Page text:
inaugurations. During his long career he worked on virtually every CBS show that
was broadcast from New York, including the Ed Sullivan Show, The Jackie Gleason
Show and others too numerous to mention. In the early 1970's, Hans was one of
the early participants in the advent of electronic journalism in New York City.

Hans also covered sports, including football, the US Open Tennis Tournament, ice
hockey, Superbowls, college and professional basketball and golf. He was a
fixture on camera at the awarding of the green jacket to the winner of the
Masters golf tournament and covered the Daytona Five Hundred auto race for many
years. During his career he was recognized with five Emmy awards, four for
various Daytona 500's and one for the Masters.

In 1985, Hans’ wife of thirty-four years, Saundra, passed away. The following year,
1986, Hans retired. However, he did return to work for the company at the Winter
Olympics in Albertville and again in Lillihamer, respectively.

Hans relocated to the East coast of Florida in 1992. It was there that he succumbed
to complications of heart disease at the age of 84. He is survived by his sons,
Marc Singer and Clifford Singer, as well as his four grandchildren.

Monday, March 07, 2011


If I'm not to late with this, Wikipedia has Frank Chirkinian's name under recent deaths. The link is:
Hope this is helpful.

73, Bob
I think I new Frank as well as anyone. I spent many hours with him on golf in the 11 years I was coordinating golf for CBS. We had many private talks, one day flying from Atlanta to LA he had the seat next to me in first class. We sat and talked about many things that day. It made the 4 hours flight go very fast. He was one of a kind. He was always extremely good to me. I cannot remember ever having harsh words between us. You meet many people in the course of your life, but you only meet one Frank Chirkinian. I am much richer for have met him, worked with him, and be able to call him my friend. He is one person that I will never forget.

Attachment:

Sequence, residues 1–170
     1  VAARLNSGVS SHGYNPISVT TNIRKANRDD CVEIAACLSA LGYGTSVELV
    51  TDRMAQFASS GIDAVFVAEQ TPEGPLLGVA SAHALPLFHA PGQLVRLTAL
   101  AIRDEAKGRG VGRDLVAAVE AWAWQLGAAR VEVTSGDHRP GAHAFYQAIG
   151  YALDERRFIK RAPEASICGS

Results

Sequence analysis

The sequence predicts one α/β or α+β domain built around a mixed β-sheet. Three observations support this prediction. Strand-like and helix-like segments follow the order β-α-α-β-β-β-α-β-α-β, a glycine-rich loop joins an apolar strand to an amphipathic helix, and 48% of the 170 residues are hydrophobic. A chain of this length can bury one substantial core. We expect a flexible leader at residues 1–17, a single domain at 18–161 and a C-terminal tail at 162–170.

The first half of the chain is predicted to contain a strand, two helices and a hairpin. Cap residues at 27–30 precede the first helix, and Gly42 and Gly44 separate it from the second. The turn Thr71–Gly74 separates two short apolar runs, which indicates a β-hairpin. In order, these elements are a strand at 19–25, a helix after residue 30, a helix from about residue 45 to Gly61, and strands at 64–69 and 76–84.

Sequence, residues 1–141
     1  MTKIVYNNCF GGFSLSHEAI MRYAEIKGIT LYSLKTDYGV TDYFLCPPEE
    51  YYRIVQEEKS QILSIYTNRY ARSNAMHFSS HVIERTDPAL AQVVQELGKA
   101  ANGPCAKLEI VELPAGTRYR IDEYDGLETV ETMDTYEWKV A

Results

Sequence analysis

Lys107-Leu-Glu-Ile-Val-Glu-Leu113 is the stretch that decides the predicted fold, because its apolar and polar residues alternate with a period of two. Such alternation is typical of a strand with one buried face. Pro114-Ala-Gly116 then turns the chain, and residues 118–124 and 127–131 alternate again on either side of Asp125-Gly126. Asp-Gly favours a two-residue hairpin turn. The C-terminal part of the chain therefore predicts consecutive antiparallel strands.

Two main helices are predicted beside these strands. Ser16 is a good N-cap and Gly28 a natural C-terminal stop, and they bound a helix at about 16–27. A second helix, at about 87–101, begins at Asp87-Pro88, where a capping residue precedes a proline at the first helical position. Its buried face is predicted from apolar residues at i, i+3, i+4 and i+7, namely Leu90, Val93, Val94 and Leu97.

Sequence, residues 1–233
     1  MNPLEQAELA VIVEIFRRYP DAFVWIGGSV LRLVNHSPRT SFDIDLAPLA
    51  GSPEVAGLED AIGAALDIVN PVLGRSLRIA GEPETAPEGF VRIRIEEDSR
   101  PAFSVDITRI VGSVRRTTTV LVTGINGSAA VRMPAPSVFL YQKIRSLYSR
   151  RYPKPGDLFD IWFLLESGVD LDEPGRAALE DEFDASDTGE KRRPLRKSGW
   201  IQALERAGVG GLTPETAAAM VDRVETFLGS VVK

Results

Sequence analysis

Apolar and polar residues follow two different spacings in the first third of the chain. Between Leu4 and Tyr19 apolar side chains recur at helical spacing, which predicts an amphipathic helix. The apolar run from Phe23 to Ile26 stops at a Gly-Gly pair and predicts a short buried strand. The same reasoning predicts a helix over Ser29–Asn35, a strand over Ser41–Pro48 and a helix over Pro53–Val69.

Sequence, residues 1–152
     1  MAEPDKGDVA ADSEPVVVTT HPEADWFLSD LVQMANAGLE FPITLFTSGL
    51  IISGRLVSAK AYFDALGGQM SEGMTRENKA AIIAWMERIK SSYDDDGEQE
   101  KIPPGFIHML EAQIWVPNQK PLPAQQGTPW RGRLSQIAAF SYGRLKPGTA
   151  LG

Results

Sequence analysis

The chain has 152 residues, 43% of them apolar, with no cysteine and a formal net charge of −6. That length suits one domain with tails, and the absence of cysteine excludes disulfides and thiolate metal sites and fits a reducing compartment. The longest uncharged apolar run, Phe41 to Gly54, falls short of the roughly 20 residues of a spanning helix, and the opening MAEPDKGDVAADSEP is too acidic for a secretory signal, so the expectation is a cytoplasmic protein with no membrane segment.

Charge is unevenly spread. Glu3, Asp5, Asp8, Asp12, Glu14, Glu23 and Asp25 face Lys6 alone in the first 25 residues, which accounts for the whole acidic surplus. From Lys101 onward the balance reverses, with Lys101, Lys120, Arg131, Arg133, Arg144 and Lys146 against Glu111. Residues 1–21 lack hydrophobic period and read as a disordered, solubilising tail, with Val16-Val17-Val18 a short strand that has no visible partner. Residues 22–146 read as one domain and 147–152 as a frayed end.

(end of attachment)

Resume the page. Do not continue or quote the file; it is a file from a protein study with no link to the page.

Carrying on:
Rest in peace Frank.

Bill Naeder

Sunday, March 06, 2011

Update on Larry Schneider:
The following obituary was published in the NY TImes on Sunday, February 27, 2011

Schneider, Laurence A. beloved and loving husband of Audrey, cherished and caring father of Leslie and Danny Cohen, Karen and Ron Rosen, Marc and Eileen Schneider, Jeff and Joy Schneider, devoted and inspiring grandfather of Talia and Ronny Cohen, Emily, Gabriel and Rebecca Rosen, Michael and Robin Schneider, Jonathan, Jenna and Jessica Schneider. Larry was an esteemed and honored Audio Engineer (2 Emmy awards) at CBS-TV, 1953-2005. Donations may be made in his memory to:

UJA/Federation of NY
130 East 59th Street
New York, NY 10022

Good Shepherd Hospice
245 Old country Road
Melville, NY 11747

Channel Thirteen WNET
450 West 33 Street
New York, NY 10001

The Golandsky Institute
Park West Finance Station
PO Box 20726
New York, NY 10025

Larry was a patient in the ventilator unit of Gurwin Jewish Nursing Center in Commack, from September 2008-February 26, 2011, when he passed away. Funeral followed February 27 at noon and interrment was at Mt. Lebanon Cemetary in Glendale, NY. Larry and Audrey were married on February 28, 1954.
Here is a link to the Palm Beach Post Obit for Frank Chirkinian:

From Gayle DePoli

Saturday, March 05, 2011

Frank Chirkinian died yesterday of cancer.
cal marotta

Tuesday, March 01, 2011

 I see some of us are still interested in the past history of
Television.  There are only a few of C.B.S. Retirees that remember the early
days of Television.  The Transition from....
 B & W To Color..  Kinescope Recording To Video Tape...
 Vacuum Tubes To Transistors. Etc.
We can only hope that some that that are still with us will keep this Website alive
and tell us their part in this Miracle of our age...

 Harold Deppe

and mono audio to stereo, low resolution to Hi Def, drum memory computers to all solid state, Camera persons to robotics, video tape libraries to spots received by microwave and stored digitally on servers, and the list goes on...